The second primary device is a navigational aid called Tripy. This is nothing short of a moving map tool, used to follow a serpentine path through the desert. This is not Waze or Google Maps, but an electronic route book, with which to follow the posters and directions provided by the organization.
The rear end of the car is finished, the seats are removed and the roll cage is installed. Immediately behind the bucket seats there is a container with water and a fire extinguisher, as well as a power outlet for charging everything necessary (from a mobile phone to a compressor on wheels).
A second spare wheel is attached to the roll cage itself, and in the luggage compartment there is another storage bin for keeping personal items close at hand. There is even a small fridge to hold some cold foods and drinks.
On the go, the first thing to note about the Q5 Sportback is its comfort. This may seem like a redundant detail, no doubt, but when you have to contend with sections of 500 miles, it becomes something to be very grateful for.
Of course, it is also a powerful and dynamic car (although somewhat hampered by the extra weight). But I quickly found it was really best to drive slowly and without smashing the throttle, to avoid hopelessly tripping. Smooth and steady wins (or backing up) the race.
Also because your Tripy is a rich guy who will tell you if you break the rules. Go faster than the set speed more than three times and you will receive a warning from the race management. Keep ignoring superiors, and you may earn yourself an honest reward before God.
Comfortable on endless and straight Saudi highways, the Q5 also does not lose its cool on broken tracks and sections. Here Audi is supported by an off-road driving mode that increases the off-road driving experience, including an air suspension that can raise the vehicle’s height by up to 45 mm, when driving at low speeds.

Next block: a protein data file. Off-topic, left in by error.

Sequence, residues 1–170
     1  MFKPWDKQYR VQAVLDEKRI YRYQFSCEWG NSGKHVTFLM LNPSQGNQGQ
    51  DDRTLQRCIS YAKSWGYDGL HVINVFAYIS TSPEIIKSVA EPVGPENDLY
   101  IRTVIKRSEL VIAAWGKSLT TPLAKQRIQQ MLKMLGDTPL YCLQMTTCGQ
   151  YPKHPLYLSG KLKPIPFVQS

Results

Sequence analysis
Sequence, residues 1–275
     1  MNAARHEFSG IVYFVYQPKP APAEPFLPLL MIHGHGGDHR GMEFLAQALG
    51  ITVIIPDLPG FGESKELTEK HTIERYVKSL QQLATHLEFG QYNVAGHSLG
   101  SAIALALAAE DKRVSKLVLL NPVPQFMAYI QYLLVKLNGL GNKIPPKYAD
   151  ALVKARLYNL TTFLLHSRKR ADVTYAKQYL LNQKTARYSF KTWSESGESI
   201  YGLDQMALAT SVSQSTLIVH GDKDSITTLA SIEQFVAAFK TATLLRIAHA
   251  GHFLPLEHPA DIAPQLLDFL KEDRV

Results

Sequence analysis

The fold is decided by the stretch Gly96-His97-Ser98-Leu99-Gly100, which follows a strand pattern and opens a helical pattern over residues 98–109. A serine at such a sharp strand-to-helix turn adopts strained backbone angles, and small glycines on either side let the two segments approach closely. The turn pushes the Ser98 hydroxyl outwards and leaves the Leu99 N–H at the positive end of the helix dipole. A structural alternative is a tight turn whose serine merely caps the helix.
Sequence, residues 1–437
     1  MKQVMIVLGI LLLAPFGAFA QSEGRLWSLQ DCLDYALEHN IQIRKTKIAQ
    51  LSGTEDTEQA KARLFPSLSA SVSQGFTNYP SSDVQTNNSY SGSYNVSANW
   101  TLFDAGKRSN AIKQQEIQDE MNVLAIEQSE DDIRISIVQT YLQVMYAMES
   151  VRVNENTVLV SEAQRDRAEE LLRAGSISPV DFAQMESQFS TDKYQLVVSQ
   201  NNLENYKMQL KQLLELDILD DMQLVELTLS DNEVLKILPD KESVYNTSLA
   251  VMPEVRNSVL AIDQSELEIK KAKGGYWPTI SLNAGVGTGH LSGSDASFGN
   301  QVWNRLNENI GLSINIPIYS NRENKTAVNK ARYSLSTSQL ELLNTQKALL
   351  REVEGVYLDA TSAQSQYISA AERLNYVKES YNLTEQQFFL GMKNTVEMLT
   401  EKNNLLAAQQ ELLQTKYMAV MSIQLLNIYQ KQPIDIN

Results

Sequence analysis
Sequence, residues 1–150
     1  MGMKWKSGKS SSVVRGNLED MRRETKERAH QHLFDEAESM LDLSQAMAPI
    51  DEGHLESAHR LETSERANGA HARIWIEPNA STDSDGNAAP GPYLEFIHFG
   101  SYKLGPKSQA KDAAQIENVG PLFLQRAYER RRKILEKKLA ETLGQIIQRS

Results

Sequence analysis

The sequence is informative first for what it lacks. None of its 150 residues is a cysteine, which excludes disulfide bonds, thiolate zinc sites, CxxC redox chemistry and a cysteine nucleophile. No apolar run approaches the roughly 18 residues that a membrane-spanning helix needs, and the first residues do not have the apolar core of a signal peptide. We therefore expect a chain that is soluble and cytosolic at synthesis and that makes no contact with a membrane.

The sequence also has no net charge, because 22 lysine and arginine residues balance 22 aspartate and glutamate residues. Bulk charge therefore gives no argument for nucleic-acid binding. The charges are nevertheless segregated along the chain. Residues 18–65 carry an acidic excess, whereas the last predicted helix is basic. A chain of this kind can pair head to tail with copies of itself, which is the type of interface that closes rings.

In these cases, the smooth delivery of engine torque from the lower revs and the extra centimeters of clearance is greatly appreciated. Even so, throughout the long days, “Caution” is our motto. Because no one likes being left behind due to a mechanical failure…or having to change a wheel in these rough conditions.
Once you get out of the rocks into the sand, everything changes. It is better to adjust the tire pressure, double caution, and above all, Completely ignore what local drivers do.
First, because they are in their natural environment; Secondly, because their cars are usually prepared; And third, because the weight works against the Q5. A really big Audi at under 4,000 pounds when empty; Add the equipment and supplies needed to make the trip, and you’re talking about a heavy SUV.
Across the smoothest stretches of sand, this type of driving is just like driving on ice: that is to say, pretty darn and a lot of fun. After just a few minutes, I found myself tying corners in a kind of continuous glide, to take advantage of inertia, the same way you might attack a Nordic road covered in snow.
However, when the sand gets deeper, everything changes and the fun ends; At least partially. In this case, you have to make the most of the inertia, never let the car slow down and, above all, never stop. Something, without knowing what you will find behind the next dunes, is not always easy. Dakar rewards the brave.
In the end, we had quite a few shared experiences in this epic race. Climb, crawl, slide and use recovery boards to help other competitors get back on the road. (Never forget the first rule in the Dakar: help your partner.) Somehow, through it all, my Q5 stayed untied throughout the race. Of course there is always next year.